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Welfare Reform on the Web (July 2004): Social Care - Overseas

THE DESIRE FOR SUPPORT AND RESPITE CARE: PREFERENCES OF DUTCH INFORMAL CAREGIVERS

M.A. Koopmanschap and others

Health Policy, Vol. 68, 2004, p.309-320

Informal care has become an indispensable element in the care for many dependent elderly and chronically ill patients and yet the needs of informal carers have largely been neglected in the literature. The article investigates 950 Dutch informal caregivers' preferences for support and respite care. Results showed that almost 80% of carers wanted support and respite care, with between 42-47% of those requiring either more interaction with other informal caregivers or more information from professional caregivers, and 40% seeking time off. Caregiver characteristics, such as age, employment status, health and relationship with the care recipient, influence the desire for support and respite care. The article concludes that giving informal caregivers the support they need is important if the future supply of this important element of healthcare is to be secured.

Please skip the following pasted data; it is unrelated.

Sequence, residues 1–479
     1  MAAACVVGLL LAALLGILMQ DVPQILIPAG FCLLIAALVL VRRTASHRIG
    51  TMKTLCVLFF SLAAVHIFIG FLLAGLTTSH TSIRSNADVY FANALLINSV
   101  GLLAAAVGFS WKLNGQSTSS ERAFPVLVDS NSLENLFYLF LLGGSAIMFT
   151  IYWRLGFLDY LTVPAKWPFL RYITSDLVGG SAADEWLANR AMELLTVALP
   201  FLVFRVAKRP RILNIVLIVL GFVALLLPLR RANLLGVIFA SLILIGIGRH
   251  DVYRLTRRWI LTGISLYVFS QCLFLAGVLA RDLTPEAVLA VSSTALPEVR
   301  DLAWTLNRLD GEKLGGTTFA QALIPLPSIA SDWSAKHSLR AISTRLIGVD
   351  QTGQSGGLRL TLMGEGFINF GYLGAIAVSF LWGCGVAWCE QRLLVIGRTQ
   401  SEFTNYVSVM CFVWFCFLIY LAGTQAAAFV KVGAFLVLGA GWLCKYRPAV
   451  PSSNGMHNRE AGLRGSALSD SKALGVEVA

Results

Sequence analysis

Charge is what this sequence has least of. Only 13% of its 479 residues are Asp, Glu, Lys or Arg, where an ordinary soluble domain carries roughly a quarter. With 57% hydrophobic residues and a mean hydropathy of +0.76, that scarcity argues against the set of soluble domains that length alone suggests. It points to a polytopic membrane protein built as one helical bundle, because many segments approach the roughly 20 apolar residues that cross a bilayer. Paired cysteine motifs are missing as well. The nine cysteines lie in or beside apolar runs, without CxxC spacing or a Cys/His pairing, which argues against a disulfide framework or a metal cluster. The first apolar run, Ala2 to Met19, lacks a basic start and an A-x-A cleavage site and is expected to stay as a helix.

MANAGING UNDER MANAGED COMMUNITY CARE: THE EXPERIENCES OF CLIENTS, PROVIDERS AND MANAGERS IN ONTARIO'S COMPETITIVE HOME CARE SECTOR

J. Abelson and others

Health Policy, Vol. 68, 2004, p.359-372

In 1996 the government of Ontario introduced a managed competition environment into the home care sector through the establishment of a competitive contracting process for home care services. The article traces the implementation of this policy and assesses the effects of competitive contracting on two sets of goals:

  • quality of care goals that consider continuity of care of paramount importance in the provision of home care;
  • the managed competition goal of increased efficiency.

In assessing the implementation of this policy against these goals, article highlights the conflicts that can arise in pursuing different policy goals in response to different formulations of the policy problem that underpin them.

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